A survey published a couple of years back showed that most adults would rather have the “sex talk” with their kids than talk to their parents about aging, with money being one of the touchiest subjects.
Deciding it’s time to take control of a parent’s finances isn’t easy for the adult child or parent. Adult children don’t want to appear controlling or greedy, and may have trouble approaching a subject that many people from the previous generation consider private. A parent may have difficulty admitting or even accepting that they need help—something that can also be hard for the child.
Though difficult, taking control of a parent’s finances is a necessary step that can help protect them against financial fraud and help ensure they have the money needed to live comfortably. But how do you know when it’s time to step in and take control?
Looking out for the signs that you parent is being irresponsible with money can help you know when to step in. For instance, you notice that your parent:
The son of one our clients, who will remain unnamed for privacy, discovered his elderly mother had been the victim of an elder scam after noticing a letter on her dresser from the bank marked “urgent”. After some prying, his mother admitted to sending scammers more than $15,000. She lost the money to a CRA tax scam, and like many seniors who are the victim of fraud, she was too embarrassed and frightened to tell her family about it.
Years ago, another client, an Alzheimer’s sufferer and regular church attendee, wrote a cheque for no apparent reason to her church for $30,000.00. Her Power of Attorney continues to litigate in an effort to recover the funds to this day.
Fraud is the number one crime against older Canadians, according to a report by the Federal/Provincial/Territorial Ministers Responsible for Seniors.
Don’t wait for your parents to bring it up or until something catastrophic happens to step in. The majority of decisions about a parent’s finances and senior care are made during a medical crisis, which can complicate things greatly.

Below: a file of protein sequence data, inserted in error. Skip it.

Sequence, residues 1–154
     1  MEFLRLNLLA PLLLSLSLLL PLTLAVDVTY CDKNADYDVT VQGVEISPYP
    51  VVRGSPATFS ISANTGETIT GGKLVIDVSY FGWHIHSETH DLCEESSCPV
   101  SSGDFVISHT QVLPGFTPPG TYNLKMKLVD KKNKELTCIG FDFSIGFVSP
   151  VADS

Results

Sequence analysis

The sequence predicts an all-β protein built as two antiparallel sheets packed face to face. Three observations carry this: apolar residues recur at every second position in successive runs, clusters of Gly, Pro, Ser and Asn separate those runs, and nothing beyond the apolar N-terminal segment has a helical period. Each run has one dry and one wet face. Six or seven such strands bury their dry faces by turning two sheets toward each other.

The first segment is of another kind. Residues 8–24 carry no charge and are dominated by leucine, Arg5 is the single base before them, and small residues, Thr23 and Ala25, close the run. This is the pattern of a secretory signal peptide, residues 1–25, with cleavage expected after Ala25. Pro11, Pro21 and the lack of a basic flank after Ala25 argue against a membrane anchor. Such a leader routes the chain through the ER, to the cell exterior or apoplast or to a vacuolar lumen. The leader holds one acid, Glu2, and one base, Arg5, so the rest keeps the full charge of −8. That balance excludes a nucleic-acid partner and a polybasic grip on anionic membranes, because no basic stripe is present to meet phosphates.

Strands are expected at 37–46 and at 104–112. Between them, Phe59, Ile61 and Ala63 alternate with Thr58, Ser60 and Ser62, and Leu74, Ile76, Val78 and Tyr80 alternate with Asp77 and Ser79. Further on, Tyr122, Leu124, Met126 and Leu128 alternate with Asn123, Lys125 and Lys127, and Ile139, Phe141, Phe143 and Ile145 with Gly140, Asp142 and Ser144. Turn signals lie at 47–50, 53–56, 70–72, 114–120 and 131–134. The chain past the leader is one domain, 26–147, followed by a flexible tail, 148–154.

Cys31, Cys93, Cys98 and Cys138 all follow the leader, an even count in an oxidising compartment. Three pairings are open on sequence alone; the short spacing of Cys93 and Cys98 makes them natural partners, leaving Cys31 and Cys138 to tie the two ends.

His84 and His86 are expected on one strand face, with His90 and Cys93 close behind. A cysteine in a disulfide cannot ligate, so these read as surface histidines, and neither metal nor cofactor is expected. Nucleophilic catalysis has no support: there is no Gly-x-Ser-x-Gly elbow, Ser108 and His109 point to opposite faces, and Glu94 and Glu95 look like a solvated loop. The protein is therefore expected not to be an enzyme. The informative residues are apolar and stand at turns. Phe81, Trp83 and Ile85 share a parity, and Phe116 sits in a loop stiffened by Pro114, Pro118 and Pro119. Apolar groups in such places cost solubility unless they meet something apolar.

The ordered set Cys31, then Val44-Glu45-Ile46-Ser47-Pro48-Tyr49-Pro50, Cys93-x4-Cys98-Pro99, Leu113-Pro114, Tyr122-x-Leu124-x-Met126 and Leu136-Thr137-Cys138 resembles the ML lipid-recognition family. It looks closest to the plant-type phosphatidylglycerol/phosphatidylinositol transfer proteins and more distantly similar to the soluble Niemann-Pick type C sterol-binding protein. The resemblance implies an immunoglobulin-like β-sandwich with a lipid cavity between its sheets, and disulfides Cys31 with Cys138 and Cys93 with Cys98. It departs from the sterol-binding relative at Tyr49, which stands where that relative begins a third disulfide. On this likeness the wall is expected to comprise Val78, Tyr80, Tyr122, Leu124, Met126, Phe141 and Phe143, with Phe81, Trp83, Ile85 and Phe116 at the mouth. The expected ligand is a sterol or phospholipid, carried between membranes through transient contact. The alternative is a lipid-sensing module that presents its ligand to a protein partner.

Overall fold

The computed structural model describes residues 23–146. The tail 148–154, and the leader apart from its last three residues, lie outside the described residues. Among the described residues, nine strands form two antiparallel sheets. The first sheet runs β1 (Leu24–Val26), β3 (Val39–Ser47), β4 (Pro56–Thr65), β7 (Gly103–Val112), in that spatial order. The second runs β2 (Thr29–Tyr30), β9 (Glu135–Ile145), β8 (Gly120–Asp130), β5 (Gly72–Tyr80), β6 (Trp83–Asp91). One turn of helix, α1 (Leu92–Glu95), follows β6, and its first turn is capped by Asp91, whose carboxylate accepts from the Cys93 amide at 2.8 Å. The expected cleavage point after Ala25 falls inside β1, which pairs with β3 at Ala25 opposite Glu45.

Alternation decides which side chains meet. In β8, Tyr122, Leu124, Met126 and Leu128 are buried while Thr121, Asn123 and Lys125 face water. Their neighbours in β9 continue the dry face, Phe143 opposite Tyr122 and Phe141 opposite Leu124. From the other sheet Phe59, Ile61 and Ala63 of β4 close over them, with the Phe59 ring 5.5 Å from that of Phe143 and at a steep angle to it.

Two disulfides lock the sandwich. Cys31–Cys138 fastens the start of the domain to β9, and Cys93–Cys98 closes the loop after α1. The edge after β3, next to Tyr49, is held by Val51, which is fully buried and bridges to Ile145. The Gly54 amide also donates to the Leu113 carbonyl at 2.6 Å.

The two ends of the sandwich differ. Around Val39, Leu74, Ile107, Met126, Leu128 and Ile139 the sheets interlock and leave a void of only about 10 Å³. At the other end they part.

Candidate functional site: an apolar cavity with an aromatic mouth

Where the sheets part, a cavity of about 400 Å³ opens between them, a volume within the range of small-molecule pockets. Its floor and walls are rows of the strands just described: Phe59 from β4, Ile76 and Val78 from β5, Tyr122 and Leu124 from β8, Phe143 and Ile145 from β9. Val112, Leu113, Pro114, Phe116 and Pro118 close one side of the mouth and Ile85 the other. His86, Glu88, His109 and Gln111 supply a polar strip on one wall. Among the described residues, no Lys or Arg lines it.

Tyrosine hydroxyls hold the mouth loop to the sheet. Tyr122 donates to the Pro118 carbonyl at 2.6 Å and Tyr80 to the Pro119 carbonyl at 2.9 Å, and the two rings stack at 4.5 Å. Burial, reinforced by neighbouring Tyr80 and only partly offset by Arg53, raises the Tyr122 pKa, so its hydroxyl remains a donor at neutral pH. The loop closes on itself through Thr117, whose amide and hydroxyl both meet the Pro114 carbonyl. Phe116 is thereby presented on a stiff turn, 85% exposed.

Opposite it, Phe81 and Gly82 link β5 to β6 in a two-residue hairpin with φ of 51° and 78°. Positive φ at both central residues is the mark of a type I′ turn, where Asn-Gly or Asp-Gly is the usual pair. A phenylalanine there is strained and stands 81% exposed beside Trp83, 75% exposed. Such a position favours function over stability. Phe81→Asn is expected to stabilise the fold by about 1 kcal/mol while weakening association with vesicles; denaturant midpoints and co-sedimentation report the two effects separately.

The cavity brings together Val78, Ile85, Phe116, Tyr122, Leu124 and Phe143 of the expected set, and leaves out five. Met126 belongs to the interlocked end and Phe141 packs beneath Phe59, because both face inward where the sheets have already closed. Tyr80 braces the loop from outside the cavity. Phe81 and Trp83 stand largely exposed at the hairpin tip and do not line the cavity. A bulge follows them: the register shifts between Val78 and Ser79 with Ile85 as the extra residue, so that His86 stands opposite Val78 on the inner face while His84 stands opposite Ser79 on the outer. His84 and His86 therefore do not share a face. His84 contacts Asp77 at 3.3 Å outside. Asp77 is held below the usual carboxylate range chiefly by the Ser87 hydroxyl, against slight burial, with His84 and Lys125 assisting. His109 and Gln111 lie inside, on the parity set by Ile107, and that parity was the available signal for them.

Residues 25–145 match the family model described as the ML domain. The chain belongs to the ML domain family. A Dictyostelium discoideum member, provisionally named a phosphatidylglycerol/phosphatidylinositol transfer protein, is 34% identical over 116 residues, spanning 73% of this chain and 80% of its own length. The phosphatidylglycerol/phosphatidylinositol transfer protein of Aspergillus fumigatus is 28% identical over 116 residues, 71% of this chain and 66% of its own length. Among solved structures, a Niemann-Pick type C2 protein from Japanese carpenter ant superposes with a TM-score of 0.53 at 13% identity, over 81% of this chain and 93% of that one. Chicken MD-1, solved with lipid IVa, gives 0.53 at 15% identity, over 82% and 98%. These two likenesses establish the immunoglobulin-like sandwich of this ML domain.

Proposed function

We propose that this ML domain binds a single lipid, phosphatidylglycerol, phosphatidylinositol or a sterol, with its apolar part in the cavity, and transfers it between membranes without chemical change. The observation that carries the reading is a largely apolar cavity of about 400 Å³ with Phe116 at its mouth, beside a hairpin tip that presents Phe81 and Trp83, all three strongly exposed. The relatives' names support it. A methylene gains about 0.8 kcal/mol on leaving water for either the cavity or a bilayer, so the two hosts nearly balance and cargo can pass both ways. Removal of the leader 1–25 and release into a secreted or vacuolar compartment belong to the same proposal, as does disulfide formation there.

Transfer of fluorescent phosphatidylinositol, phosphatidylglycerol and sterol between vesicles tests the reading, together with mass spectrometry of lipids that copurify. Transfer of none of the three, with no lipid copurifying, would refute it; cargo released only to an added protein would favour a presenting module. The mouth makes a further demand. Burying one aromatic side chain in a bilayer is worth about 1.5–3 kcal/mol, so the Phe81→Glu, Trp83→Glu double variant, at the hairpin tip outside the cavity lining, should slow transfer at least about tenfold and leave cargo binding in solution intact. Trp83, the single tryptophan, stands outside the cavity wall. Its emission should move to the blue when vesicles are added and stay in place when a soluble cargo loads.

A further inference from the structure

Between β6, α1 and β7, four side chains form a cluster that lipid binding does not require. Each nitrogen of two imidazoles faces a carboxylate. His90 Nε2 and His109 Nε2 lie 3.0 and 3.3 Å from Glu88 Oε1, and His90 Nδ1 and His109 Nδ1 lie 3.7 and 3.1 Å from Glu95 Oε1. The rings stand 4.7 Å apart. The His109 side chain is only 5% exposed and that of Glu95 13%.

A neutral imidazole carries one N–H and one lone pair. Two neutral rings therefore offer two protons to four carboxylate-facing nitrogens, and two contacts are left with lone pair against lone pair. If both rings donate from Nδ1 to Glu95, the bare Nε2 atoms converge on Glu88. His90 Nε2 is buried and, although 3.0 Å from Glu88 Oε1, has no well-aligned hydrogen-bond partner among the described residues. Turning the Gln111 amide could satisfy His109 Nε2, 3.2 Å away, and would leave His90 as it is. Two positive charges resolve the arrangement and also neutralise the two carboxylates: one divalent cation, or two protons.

Getting involved while your parents are still healthy and able to have a rational conversation can make things easier for everyone.
If you are the person that your parent wishes to take over their affairs, you will need to have the right documentation in place. Having the account and pin numbers or even having a joint account with your parent isn’t enough; Powers of Attorney are required to give you control.
Your parent cannot sign Powers of Attorney if they lose their mental capacity. A lawyer can request a medical assessment before allowing them to sign any document if they feel your parent’s understanding of the documents is diminished.
It’s not unreasonable for you to ask your parents how things are going financially and this is a good way to start the conversation. To make it easier, look for cues to bring it up. For instance, when your parent talks about home repairs or another potentially costly event or when a commercial comes on about financial services, retirement, or elderly care services.
If you’ve already noticed signs of a problem, use the following tips to help you talk to your parent about taking control of their finances:
Living Assistance Services offers a team of personal caregivers (PSW’S) to provide home health care, elder care, palliative care and chronic disease care all over southern Ontario.
We provide safe, trusted, compassionate senior home care where seniors want to be as they grow older–happily at home. Many home care services are available, including health/care assessments, personal care, meal prep, housekeeping and laundry, chronic disease care (Alzheimer’s, dementia, cancer, Parkinson’s) and palliative care.